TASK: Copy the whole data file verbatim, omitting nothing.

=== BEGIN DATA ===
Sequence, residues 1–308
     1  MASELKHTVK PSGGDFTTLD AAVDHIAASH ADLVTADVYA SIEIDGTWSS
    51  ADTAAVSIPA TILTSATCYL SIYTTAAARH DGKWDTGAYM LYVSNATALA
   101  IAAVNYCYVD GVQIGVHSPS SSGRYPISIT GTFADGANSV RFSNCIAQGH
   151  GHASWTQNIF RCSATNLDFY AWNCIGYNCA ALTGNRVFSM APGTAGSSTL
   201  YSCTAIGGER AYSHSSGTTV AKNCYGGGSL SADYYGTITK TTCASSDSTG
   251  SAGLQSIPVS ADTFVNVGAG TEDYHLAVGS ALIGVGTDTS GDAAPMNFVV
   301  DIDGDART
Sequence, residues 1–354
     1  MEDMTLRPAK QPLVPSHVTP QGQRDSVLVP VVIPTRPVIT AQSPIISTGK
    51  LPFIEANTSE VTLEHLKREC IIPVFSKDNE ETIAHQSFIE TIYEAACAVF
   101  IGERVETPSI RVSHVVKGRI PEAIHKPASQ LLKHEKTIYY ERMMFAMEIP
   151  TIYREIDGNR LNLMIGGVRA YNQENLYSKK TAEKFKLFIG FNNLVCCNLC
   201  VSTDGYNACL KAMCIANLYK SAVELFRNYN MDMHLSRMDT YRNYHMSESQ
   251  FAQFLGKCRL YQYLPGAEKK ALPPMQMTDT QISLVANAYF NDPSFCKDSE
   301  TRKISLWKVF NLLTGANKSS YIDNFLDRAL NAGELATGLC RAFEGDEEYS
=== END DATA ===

Sequence, residues 1–308
     1  MASELKHTVK PSGGDFTTLD AAVDHIAASH ADLVTADVYA SIEIDGTWSS
    51  ADTAAVSIPA TILTSATCYL SIYTTAAARH DGKWDTGAYM LYVSNATALA
   101  IAAVNYCYVD GVQIGVHSPS SSGRYPISIT GTFADGANSV RFSNCIAQGH
   151  GHASWTQNIF RCSATNLDFY AWNCIGYNCA ALTGNRVFSM APGTAGSSTL
   201  YSCTAIGGER AYSHSSGTTV AKNCYGGGSL SADYYGTITK TTCASSDSTG
   251  SAGLQSIPVS ADTFVNVGAG TEDYHLAVGS ALIGVGTDTS GDAAPMNFVV
   301  DIDGDART
Sequence, residues 1–354
     1  MEDMTLRPAK QPLVPSHVTP QGQRDSVLVP VVIPTRPVIT AQSPIISTGK
    51  LPFIEANTSE VTLEHLKREC IIPVFSKDNE ETIAHQSFIE TIYEAACAVF
   101  IGERVETPSI RVSHVVKGRI PEAIHKPASQ LLKHEKTIYY ERMMFAMEIP
   151  TIYREIDGNR LNLMIGGVRA YNQENLYSKK TAEKFKLFIG FNNLVCCNLC
   201  VSTDGYNACL KAMCIANLYK SAVELFRNYN MDMHLSRMDT YRNYHMSESQ
   251  FAQFLGKCRL YQYLPGAEKK ALPPMQMTDT QISLVANAYF NDPSFCKDSE
   301  TRKISLWKVF NLLTGANKSS YIDNFLDRAL NAGELATGLC RAFEGDEEYS